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Forecasting future water supplies leaves stakeholders soaked in uncertainties

Apple orchards, vineyards, hydroelectric power, municipal water supplies, and salmon runs all depend on the same oversubscribed resource—water. Even in the snowy Northwest, water is a finite resource with an infinite number of competing demands. Global climate change furthers the region’s water problems. Water availability is dominated by seasonal release and storage from mountain snowpacks. Scientific models suggest several climate change effects, including significantly reduced snowpack, wetter winters, drier summers, and changes to river temperatures and flows that are tough on migrating salmon. Moreover, the Clean Water Act, the Endangered Species Act, and other water appropriations and permitting requirements impose strict limitations on how stakeholders can impact water issues.

Balancing Needs and Resources

To combat this dilemma, Pacific Northwest National Laboratory is developing an integrated research agenda. Balancing the region’s water availability and needs, energy requirements and desire for a sustainable ecosystem, the Laboratory is assisting stakeholders in making better water allocation decisions. This approach taps into PNNL’s expertise in integrated earth and energy systems modeling, water treatment technologies and scientific decision support systems. Understanding the interdependence of energy and water for alternative energy source development is central to achieving a regional water balance. Therefore, stakeholders need to better forecast water availability to make better usage decisions. These forecasts are needed at geographical scales ranging from local irrigation diversion points to the entire Columbia Basin.

Understanding Future Water Resources

The Northwest Regional Collaboratory, a PNNLled, NASA-funded collaboration of two national laboratories and four regional universities, works to combine satellite images into watershed models in order to fill in the gaps between immediate weather forecasts and estimates based on historical data. These models support streamflow forecasting and can be used to refine decisions about water releases from reservoirs for salmon, irrigation and municipal use as well as for the production of electricity.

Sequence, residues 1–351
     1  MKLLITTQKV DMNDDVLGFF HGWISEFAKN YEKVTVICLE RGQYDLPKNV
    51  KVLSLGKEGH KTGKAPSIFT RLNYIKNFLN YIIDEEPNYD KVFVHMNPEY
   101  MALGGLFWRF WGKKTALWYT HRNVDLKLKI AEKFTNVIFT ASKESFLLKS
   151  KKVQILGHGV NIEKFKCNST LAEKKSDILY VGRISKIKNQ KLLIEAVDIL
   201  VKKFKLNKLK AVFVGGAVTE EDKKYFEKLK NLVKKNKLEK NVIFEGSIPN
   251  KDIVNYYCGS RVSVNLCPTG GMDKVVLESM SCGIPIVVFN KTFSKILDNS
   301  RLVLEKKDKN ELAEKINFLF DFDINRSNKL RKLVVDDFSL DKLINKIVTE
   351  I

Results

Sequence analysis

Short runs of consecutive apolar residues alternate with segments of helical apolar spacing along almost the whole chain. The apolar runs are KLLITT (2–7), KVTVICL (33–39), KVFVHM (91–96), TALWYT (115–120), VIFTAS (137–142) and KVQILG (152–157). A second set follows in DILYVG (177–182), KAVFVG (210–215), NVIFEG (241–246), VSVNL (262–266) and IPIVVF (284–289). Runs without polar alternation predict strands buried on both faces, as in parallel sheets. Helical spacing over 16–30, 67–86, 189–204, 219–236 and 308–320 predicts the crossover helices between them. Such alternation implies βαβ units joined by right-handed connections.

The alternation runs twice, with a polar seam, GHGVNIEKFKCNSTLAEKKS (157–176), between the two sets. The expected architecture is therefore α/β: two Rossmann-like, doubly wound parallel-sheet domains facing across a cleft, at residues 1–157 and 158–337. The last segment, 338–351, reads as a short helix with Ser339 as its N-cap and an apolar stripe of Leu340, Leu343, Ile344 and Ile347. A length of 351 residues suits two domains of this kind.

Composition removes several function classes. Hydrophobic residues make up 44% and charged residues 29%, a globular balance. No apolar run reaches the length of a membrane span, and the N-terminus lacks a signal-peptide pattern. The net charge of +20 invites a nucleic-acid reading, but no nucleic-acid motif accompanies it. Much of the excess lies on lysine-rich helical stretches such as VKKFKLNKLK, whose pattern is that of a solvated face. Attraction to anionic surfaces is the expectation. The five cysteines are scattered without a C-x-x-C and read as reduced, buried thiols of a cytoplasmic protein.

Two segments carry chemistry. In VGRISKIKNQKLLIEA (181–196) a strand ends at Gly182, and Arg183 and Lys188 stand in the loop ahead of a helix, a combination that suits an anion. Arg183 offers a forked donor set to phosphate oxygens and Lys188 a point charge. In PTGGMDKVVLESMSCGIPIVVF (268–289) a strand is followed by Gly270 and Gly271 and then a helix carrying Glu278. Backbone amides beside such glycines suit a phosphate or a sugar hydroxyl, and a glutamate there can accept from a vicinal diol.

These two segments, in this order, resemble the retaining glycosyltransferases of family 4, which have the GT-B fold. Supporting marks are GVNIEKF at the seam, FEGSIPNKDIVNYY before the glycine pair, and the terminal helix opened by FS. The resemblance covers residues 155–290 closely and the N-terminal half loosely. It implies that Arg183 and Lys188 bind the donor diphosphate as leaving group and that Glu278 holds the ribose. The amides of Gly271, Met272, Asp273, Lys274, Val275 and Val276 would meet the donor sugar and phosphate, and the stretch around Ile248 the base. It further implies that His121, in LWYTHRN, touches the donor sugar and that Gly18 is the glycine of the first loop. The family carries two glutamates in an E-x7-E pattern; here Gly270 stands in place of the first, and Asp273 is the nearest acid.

Growing Demands, Diminishing Resources

Ensuring future water supplies meet the Northwest’s growing population and vibrant agricultural base, as well as the water and energy needs for both, is vital. Citizens and industry alike are seeking out more electricity to maintain their livelihoods. Hydropower—while an attractive and clean way to supply energy—adds an additional demand on water resources. More energy = more water.

The interdependence of water and energy lies squarely in the center of major environmental and economic problems in the region. Population growth and economic development are placing higher demands for energy to access and distribute water supplies; this includes pumping more groundwater to meet irrigation requirements. The development of alternative energy resources such as coal-bed methane and oil shale has raised major concerns for water consumption, quality and management.

Teaming for Solutions

With so many variables pressing this one single resource, PNNL’s approach to addressing the issues is to team with other interested parties and stakeholders. The Northwest Regional Collaboratory is but one example of the Laboratory’s collaborations with other science and technology institutions to address regional water issues.

PNNL and the Idaho National Laboratory are investigating the integration of hydropower and wind energy to meet water and energy needs of agriculture. The case study will help develop strategies for alternative energy sources as our region faces increasing demands for both.

Water is the common currency of our economy and an essential part of the Northwest’s quality of life. The science and technology community must provide a sound foundation for the sustainable use of this limited resource. PNNL is working with regional partners to provide the science and technology necessary to meet this crucial need.



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